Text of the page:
03:54 PM
Connect Directly

Advice to Online Advertisers: Get Shorter

Although advertisers may be heartened that consumers accept online ads, they should embrace the maxim "less is more," both in terms of the frequency and length of Internet ads.

Thirty seconds is an eternity online, particularly when it comes to advertising. Consumers prefer ads in the 10- to 15-second range over 30-second epics, according to research released today by online audio and video search engine PodZinger.

"We've proven the 30-second spot is dead," says Alex Laats, CEO of PodZinger, which employs speech-to-text technology to make audio and video content searchable and available for contextual advertising.

Although advertisers may be heartened by the study's affirmation that consumers accept online ads, they should take the findings as a hint to embrace the maxim "less is more," both in terms of the frequency and length of Internet ads.

Consumers considered repeated ads "annoying," with "repeated" in this case meaning shown more than one ad in the course of a search.

Consumers typically play only about 15% of video or audio files, which average 7.5 minutes and 22 minutes respectively. That translates to an average attention span of about 1 minute for video content and about 3 minutes for audio content. Given those numbers, it's not hard to see how a 30-second spot might seem to drag.

Among the various content categories tracked by PodZinger, 85% of searches fit into five popular verticals: entertainment, technology, news and politics, music, or sports. Advertisers would thus be well advised to focus on supporting content in these areas.

The study, commissioned by PodZinger, was conducted by market research firm Pathfinder Innovation. It consisted of 36 one-on-one interviews conducted in Cambridge, Mass., Chicago, and Los Angeles. Interviewees were asked to complete questionnaires and were shown demonstration sites to gauge their reactions to online ads.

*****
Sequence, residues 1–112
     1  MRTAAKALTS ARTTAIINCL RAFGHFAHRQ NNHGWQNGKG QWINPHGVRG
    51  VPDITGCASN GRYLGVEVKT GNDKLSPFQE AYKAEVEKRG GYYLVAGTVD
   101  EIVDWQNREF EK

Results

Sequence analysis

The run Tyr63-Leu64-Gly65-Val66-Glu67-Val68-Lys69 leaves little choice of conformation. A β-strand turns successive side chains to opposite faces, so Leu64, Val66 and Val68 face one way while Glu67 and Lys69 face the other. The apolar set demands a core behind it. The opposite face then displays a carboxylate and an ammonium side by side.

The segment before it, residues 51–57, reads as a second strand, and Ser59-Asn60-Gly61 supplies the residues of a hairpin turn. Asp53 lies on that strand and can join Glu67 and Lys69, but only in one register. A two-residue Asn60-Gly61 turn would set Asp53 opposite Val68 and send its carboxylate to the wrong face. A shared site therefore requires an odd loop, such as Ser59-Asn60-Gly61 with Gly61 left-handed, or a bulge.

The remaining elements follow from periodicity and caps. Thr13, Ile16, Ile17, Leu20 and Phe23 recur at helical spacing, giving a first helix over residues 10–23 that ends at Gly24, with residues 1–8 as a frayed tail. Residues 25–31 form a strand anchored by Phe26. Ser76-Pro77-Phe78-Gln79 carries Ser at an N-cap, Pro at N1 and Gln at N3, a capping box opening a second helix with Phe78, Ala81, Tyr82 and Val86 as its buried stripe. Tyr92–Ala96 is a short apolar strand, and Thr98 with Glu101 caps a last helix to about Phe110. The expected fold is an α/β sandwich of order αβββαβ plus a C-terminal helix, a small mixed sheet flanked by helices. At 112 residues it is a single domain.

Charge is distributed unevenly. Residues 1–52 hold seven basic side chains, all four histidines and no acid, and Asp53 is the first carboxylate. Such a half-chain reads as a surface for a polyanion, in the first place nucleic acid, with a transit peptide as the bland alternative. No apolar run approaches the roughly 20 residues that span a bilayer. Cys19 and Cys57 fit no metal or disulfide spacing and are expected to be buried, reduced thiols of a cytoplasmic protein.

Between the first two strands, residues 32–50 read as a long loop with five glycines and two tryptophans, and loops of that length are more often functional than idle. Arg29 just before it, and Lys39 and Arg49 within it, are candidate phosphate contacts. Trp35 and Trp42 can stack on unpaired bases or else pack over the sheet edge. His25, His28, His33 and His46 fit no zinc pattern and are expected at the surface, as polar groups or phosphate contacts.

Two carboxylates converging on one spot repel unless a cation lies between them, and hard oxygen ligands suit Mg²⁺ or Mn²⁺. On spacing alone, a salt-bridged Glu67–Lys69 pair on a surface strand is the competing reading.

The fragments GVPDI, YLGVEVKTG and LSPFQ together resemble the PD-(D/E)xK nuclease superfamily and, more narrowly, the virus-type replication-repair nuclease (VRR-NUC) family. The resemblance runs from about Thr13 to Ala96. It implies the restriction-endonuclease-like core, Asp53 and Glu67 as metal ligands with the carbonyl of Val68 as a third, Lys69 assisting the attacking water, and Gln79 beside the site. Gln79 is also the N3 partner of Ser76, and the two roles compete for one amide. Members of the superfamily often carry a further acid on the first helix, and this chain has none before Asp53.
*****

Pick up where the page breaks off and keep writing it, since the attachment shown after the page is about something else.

Comment  | 
Print  | 
More Insights
IT's Reputation: What the Data Says
IT's Reputation: What the Data Says
InformationWeek's IT Perception Survey seeks to quantify how IT thinks it's doing versus how the business really views IT's performance in delivering services - and, more important, powering innovation. Our results suggest IT leaders should worry less about whether they're getting enough resources and more about the relationships they have with business unit peers.
Register for InformationWeek Newsletters
White Papers
Current Issue
InformationWeek Tech Digest September 24, 2014
Start improving branch office support by tapping public and private cloud resources to boost performance, increase worker productivity, and cut costs.
Twitter Feed
InformationWeek Radio
Sponsored Live Streaming Video
Everything You've Been Told About Mobility Is Wrong
Attend this video symposium with Sean Wisdom, Global Director of Mobility Solutions, and learn about how you can harness powerful new products to mobilize your business potential.